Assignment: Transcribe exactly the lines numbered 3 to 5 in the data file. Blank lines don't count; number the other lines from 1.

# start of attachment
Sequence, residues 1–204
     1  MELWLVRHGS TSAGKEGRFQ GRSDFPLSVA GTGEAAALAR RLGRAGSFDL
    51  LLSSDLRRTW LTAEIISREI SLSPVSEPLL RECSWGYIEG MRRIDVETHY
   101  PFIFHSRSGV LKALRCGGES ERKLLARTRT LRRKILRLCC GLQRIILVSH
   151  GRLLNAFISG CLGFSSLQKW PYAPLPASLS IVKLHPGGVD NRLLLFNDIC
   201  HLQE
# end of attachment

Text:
    51  LLSSDLRRTW LTAEIISREI SLSPVSEPLL RECSWGYIEG MRRIDVETHY
   101  PFIFHSRSGV LKALRCGGES ERKLLARTRT LRRKILRLCC GLQRIILVSH
   151  GRLLNAFISG CLGFSSLQKW PYAPLPASLS IVKLHPGGVD NRLLLFNDIC